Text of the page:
Pebbles of Life

Originally wrote this piece in 2013 for a mindful living portal but I’m reposting it here again as I recently had the chance to scratch off one item from my bucket list which I had postponed for 2 and half years. I’m becoming more aware of these pebbles and would like to share with AWiB readers their story. *

Have you ever thought of your life in terms of the summers you have experienced and the summers you have left ahead of you? If you were to travel the journey of your life according to the number of summers you have left, how would you live it? Would it give you the perspective and courage to begin living out your dreams?

During a past work trip abroad I met a man who shared with me an inspirational story of Kingsley Holgate, which left me quite moved in terms of how I wanted to lead the rest of my life. Now the story of Kingsley Holgate is quite fascinating. He is a South African explorer who is considered the most travelled man in Africa and author of many books on his expeditions. To many who dream of the freedom that travel and exploration provide, he is an icon of such adventurous possibilities. Holgate and his family have travelled from one tip of Africa to another – the Cape to Cairo route – navigating Africa’s waterways. They have left their marks circling the Tropic of Capricorn through African and Australian deserts, the Andes and South American jungles and many more breathtaking explorations that have been captured on National Geographic.

The journey that many put off until retirement, until the children go to school, until a job is secured, until…The truth is the stories we keep spinning and telling ourselves about why we cannot realize the dreams we have will continue being justified by a vicious cycle of story building, unless we take ownership of our lives and do it despite our circumstances.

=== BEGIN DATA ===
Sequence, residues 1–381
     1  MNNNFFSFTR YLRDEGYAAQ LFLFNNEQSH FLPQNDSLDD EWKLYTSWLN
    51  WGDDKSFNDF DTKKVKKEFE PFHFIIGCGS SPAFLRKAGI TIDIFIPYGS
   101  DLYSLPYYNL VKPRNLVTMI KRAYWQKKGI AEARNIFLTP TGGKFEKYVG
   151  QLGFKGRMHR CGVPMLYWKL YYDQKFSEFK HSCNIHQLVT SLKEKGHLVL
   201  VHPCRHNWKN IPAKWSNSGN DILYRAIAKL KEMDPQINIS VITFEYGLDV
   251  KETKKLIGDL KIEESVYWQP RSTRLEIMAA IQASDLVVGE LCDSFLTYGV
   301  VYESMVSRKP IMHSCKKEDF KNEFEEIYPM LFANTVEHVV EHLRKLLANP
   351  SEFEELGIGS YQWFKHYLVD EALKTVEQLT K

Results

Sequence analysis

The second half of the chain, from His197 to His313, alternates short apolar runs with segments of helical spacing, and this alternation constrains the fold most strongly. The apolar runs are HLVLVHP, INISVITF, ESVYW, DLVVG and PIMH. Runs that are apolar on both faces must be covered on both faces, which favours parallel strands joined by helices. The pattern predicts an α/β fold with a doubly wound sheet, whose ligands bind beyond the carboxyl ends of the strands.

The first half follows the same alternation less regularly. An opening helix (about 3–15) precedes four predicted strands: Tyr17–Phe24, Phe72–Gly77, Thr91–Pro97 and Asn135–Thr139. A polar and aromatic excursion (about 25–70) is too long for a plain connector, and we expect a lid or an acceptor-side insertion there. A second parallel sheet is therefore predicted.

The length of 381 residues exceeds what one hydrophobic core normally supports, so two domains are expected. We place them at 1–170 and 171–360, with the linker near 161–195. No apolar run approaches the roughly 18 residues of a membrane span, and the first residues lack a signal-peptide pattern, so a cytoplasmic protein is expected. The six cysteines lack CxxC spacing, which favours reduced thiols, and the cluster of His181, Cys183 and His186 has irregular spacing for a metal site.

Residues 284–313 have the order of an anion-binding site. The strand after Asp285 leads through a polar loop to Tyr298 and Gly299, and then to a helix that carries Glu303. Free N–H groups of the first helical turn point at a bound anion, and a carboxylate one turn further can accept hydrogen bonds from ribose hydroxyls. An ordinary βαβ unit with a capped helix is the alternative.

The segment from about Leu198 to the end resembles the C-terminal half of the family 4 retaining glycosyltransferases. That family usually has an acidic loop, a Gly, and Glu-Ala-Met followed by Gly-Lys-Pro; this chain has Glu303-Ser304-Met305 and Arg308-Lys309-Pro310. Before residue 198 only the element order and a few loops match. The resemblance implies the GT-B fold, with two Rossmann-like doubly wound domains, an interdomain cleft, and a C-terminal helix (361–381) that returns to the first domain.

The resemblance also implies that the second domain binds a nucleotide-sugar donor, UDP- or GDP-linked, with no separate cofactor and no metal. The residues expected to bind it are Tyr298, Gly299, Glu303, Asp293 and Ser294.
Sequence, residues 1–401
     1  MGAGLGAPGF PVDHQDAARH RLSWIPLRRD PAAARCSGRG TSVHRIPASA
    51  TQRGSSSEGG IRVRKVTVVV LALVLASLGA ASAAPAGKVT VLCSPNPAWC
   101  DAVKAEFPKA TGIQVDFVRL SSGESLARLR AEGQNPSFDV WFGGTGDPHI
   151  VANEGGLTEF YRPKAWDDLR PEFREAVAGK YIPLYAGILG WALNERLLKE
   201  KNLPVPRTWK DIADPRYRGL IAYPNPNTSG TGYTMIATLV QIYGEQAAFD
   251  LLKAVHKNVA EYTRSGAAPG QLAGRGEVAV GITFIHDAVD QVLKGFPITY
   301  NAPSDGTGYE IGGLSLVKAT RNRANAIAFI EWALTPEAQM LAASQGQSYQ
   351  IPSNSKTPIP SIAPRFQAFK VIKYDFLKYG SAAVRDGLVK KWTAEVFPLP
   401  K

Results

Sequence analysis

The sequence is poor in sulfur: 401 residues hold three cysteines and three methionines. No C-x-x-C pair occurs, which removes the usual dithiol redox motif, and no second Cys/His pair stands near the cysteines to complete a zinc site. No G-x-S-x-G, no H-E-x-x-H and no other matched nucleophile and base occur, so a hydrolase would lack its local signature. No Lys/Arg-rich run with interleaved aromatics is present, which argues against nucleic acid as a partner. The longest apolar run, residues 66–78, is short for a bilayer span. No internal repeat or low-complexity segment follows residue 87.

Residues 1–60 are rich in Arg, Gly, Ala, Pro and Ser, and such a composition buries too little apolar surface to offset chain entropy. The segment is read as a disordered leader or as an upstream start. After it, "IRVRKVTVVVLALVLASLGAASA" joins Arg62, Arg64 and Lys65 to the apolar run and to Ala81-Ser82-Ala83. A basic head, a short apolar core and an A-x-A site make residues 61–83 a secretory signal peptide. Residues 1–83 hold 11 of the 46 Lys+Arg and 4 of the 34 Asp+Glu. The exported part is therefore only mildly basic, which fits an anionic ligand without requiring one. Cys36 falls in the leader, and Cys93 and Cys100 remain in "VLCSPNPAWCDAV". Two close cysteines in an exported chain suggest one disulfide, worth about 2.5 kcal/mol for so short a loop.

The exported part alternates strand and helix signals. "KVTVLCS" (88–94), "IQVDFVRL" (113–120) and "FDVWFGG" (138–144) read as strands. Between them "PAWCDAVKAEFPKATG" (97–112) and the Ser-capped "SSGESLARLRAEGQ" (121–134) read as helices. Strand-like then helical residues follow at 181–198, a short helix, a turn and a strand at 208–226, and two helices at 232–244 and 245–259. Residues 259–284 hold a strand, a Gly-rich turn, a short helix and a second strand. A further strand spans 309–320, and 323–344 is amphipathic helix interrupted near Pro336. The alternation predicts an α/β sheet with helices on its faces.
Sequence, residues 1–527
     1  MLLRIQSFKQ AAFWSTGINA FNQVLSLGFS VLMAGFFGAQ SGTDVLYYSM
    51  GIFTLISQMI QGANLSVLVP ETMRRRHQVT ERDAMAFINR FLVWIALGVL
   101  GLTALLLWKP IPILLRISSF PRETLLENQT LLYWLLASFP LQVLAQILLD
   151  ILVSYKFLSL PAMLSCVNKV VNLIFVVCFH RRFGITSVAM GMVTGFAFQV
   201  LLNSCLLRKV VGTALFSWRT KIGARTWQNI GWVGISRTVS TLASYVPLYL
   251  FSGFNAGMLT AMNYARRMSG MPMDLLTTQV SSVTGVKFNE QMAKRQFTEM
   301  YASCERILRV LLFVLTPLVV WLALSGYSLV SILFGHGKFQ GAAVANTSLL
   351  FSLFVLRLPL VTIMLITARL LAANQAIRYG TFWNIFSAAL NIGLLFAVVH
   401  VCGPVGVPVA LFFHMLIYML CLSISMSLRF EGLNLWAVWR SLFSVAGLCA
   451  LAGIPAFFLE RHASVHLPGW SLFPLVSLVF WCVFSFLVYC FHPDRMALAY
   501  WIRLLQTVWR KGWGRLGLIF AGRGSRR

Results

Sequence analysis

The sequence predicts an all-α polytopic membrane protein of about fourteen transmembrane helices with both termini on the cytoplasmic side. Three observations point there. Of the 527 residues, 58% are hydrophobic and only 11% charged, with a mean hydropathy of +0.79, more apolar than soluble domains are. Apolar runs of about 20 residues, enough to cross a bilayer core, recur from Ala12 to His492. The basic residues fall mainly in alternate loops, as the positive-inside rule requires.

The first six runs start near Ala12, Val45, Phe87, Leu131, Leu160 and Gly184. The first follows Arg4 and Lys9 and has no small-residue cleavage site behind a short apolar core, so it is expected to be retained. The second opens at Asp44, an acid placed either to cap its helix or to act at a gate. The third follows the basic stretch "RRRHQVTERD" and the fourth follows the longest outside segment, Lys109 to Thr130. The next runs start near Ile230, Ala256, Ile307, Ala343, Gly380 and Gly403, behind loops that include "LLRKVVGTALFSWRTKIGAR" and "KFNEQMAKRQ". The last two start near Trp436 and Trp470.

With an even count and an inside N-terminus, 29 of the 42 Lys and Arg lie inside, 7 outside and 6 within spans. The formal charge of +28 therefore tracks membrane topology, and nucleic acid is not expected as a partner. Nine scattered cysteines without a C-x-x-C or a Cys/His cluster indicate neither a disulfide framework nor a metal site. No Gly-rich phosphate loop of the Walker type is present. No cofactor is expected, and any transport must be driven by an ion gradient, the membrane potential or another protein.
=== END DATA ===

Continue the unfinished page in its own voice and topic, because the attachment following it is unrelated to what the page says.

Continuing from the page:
The story that moved me is that of Kingsley Holgate giving advice to one of his close friends. His friend, a 57 year old man, was one who had done well in setting up a business yet went through life unfulfilled of that accomplishment. The story goes that Holgate took seven pebbles as they sat on a beach, and placed them in a row. The seven pebbles, Holgate told his friend, represented his life. He then took the first four pebbles and threw them away, as the four presented each decade of his friend’s life that have already been lived right up to his late forties. He then picked up the fifth pebble and threw it away as well, as the fifth symbolized his fifties that were quickly coming to an end as well and nothing could be done about that. Holgate then threw the sixth stone away, saying “your seventies, too unpredictable and maybe too old to do anything meaningful”. With one pebble left, Holgate handed it to his friend and shared “this is the life you have left: ten years.” He advised his friend to keep that last pebble in his pocket, put it next to his bed at night, and constantly remind him of the few good summers he had left.

When Holgate was later asked what happened to his friend, he declared that the 57-year-old businessman had sold his business a year later and began living the life he was putting off “until things were just right”.

The morale of this true story is that life is not waiting for anyone. As a journey waiting to be explored, time will not stand still waiting for us to figure out when the “right” time is to become our full selves. When you calculate the number of summers you may have left to lead your life with purpose and impact, does it not want to make you get up right now and begin watering the seeds you have planted in dreams?

Billene Seyoum also blogs at www.africanfeminism.com.